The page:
This financial system of empire is on a knife edge and is now imploding and any small tremor now will detonate us all !!

            It’s time for Change!!

            tax revenue is linear and debt is exponential,right…the difference :

            “Let’s say you’re at a party in a small apartment that’s about 500 square feet in size. Then suddenly, at 11pm, a pipe bursts, starting a trickle into the living room.

            Aside from the petty annoyance, would you feel like you were in danger? Probably not. This is a linear problem– the rate at which the water is leaking is more or less constant, so the guests can keep partying through the night without worry.

            But let’s assume that it’s an exponential leak.

            At first, there’s just one drop of water. But each minute, the rate doubles. So by 11:01pm, there’s 2 drops. By 11:02, 4 drops. And so forth.

            By 11:27pm, there’s only six inches of standing water. Yet by 11:31pm, just four minutes later, the entire room is under nearly 8 feet of water. And the party’s over.

            For nearly half an hour, it all seemed safe and manageable. People had all the time in the world to leave, right up until the bitter end. 11:27, 11:28, 11:29.
            Then it all went from benign to deadly, in a matter of minute”

            signing off

      • michaelcoughlan

        “but we need leaders”

        What we need to demonstrate is personal leadership not wait around for the next strong man to come around as we know from history where the rail roads lead to in such countries.

    • pauloriain

      Totally agree with this post.

  19. Eric Sprott on the domino effect, of the European banking system.

  20. Maybe Putin in Ukraine will tear up the EU play book

  21. “I was also fascinated by Egon von Greyerz’s comments over the weekend that we are headed for a hyperinflationary depression. Most people can’t grasp this. They think that inflation is connected to strength in the demand in the economy. But, as I have said, it is strictly a currency event. A weakening economy is going to lead to a depression, which will lead to even more currency creation, and that will lead to the hyperinflation that Egon talks about.”–John Embry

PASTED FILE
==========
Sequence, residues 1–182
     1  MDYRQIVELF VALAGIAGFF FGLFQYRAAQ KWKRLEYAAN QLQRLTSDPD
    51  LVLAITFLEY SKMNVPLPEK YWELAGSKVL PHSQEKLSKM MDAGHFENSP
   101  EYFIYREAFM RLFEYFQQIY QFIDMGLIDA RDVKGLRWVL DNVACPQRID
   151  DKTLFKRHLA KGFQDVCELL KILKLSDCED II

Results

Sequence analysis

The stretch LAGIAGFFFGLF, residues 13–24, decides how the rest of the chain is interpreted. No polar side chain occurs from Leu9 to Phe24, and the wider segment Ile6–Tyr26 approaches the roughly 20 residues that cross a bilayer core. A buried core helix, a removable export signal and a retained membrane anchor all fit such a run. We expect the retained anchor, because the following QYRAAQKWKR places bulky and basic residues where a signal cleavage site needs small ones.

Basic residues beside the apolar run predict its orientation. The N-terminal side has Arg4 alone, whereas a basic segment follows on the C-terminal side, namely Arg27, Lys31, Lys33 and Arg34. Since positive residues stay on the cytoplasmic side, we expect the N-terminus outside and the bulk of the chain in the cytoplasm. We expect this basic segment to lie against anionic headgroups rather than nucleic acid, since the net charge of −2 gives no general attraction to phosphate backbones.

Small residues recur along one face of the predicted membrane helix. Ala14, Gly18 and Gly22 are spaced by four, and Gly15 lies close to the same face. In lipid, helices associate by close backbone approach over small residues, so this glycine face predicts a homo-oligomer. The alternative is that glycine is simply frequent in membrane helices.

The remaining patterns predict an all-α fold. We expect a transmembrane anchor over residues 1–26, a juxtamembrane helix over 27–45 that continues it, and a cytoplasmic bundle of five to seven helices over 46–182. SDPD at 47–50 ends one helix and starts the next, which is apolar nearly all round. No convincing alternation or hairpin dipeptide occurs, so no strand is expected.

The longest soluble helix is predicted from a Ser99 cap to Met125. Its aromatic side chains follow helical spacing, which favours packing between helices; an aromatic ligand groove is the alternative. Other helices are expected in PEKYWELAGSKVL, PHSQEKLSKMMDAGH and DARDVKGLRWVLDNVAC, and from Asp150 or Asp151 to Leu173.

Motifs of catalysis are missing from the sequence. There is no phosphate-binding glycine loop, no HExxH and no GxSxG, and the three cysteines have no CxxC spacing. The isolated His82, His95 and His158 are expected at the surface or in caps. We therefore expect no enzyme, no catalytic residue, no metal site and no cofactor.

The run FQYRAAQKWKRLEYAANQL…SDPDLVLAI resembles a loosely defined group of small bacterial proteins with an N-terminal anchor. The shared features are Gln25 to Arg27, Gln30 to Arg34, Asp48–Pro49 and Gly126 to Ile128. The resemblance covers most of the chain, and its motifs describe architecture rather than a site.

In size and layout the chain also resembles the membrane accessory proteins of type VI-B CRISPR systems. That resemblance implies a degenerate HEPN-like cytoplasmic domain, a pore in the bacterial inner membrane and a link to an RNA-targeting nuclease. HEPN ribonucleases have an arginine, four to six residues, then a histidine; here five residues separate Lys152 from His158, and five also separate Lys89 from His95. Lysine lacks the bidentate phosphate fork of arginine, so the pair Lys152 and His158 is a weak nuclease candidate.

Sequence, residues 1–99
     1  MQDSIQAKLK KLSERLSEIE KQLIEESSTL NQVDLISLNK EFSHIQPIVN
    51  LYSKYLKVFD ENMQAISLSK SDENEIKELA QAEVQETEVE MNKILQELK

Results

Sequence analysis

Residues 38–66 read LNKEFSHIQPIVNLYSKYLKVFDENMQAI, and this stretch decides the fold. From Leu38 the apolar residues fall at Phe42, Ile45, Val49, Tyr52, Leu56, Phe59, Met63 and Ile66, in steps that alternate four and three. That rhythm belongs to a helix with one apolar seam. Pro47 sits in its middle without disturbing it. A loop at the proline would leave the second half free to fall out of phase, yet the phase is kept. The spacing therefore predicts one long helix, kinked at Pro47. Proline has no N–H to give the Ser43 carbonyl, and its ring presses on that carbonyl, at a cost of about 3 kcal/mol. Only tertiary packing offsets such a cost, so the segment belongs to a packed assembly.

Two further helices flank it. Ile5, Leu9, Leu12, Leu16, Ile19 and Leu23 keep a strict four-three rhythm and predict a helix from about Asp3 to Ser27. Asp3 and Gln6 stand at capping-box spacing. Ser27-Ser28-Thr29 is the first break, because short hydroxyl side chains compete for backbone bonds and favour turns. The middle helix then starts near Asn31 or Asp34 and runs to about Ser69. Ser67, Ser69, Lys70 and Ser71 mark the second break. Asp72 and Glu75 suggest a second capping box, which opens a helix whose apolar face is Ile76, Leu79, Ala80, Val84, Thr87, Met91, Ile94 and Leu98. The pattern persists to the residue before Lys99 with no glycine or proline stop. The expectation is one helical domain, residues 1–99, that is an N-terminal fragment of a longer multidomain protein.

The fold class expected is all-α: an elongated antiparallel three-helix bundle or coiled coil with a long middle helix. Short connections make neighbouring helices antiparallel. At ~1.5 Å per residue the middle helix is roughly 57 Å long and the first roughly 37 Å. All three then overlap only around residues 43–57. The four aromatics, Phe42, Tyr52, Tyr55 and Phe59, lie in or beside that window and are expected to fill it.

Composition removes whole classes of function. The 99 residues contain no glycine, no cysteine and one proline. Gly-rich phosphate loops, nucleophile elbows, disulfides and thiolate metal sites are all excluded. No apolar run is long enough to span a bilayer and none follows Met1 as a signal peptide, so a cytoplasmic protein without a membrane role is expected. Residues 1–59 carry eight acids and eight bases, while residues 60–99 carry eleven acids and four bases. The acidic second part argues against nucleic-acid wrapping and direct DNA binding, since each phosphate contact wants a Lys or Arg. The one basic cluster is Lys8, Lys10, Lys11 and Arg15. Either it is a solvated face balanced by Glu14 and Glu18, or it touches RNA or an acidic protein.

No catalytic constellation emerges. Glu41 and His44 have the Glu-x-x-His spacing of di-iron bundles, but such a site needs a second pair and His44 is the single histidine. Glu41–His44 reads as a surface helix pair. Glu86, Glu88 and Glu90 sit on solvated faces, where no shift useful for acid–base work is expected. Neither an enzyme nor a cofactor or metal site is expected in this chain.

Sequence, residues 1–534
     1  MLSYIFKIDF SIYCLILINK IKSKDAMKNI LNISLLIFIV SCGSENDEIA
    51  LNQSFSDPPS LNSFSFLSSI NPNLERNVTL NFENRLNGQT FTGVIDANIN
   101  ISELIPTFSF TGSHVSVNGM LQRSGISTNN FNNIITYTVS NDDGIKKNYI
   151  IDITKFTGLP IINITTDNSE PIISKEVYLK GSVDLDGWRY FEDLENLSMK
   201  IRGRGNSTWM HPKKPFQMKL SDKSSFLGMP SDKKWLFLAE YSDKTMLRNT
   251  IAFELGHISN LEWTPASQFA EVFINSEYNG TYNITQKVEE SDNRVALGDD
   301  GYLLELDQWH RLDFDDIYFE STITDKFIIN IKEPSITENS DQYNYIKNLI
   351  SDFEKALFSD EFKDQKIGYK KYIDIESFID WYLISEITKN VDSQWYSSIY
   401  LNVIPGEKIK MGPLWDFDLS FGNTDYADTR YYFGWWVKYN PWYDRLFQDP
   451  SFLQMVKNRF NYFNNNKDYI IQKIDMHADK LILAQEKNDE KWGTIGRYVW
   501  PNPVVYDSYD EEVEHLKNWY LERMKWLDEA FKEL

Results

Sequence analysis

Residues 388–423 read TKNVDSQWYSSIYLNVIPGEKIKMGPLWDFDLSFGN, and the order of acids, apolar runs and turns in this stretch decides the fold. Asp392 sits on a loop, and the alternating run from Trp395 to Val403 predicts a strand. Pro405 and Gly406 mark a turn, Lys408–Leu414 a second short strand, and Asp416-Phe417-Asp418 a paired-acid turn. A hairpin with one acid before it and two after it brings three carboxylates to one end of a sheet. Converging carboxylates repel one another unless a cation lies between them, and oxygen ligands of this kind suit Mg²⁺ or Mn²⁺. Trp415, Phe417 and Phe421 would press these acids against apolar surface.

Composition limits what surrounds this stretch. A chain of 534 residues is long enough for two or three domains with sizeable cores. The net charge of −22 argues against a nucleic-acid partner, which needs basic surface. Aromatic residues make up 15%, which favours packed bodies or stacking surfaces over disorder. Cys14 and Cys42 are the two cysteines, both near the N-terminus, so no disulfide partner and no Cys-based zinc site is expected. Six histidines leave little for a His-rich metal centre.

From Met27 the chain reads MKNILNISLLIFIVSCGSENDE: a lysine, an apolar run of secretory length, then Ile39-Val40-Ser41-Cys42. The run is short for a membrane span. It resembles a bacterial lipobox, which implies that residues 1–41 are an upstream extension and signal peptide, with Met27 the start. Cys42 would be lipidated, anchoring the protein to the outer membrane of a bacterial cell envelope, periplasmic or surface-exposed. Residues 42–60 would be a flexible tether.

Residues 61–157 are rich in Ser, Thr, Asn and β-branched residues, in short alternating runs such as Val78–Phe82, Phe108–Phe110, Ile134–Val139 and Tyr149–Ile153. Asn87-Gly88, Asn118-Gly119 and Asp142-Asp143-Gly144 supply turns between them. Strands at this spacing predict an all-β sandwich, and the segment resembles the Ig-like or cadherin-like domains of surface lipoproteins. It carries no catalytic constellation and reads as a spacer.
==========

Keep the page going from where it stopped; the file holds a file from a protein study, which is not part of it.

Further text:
John Embry talks about the black swan event that can blow the lid off world finances never mind the EU rule book

  22. …. a Summers or Bernanke – public intellectuals who are prepared to take risks – ….

    Sometimes these articles allow to understand much more about the writer than the subject that he wrote about.

    Summers, who forced out of Harvard as a president after he suggested that women lack aptitude for math and science, now becomes a public intellectual in the writers hands here.

    Bernanke, his TARP scam where he and FDIC together with Paulson stated that the nine leading banks were healthy institutions and were taking the cash only to enhance the overall performance of the U.S. economy, now magically turns into a genius in DMcW hands.

    How convinient.

    • Really, I mean come on folks…


      Someone being sandwiched by Summers and Bernanke, comes here with his chest swollen with pride, eyes all sparkling for jabbering on the same venue, and calls the public intellectuals….

      Really, how convenient in deed!

      To remove that thick, sticky and mucous substance from a fish to be canned would appear as an easy task compared to…

      Awww, well… ROFLMAO

    • Remember Bill Cullen? The Apprentice?

      DMcW would have been an excellent contender for the show, he would have had all the skills required to win the contest and become Cullens bitch.

      Quick, someone give him a green jersey, or even better, give him a permanent facial, ahem, a green facial makeup I meant. LOL

    • michaelcoughlan

      Excellent insights.

    • Dorothy Jones

      Yo Georg! Volltreffer :) D

  23. SMOKEY

    Actually what the Americans say is, “the squeaky wheel gets the grease”.
    No one will tear up the EU rule book because “Paddy” hasn’t said he is displeased with it.
    Example is the Pylons scam, we will march in Dublin next month in huge numbers, I am very pleased about this. Of course your electricity rates will go up, not because of the cost of going underground, but another, bend over so the Govt. can f@#k you in the ass without any lube moment, with regards to ultra high utility prices.
    If Paddy would only protest against the current economics being wrought on the citizenry, we wouldn’t be having this discussion.
    But Paddy has his Man United jersey, Facebook obsession, GAA distraction, Paddy Power on every corner, head buried in his iPhone and Arthurs day to keep him otherwise occupied.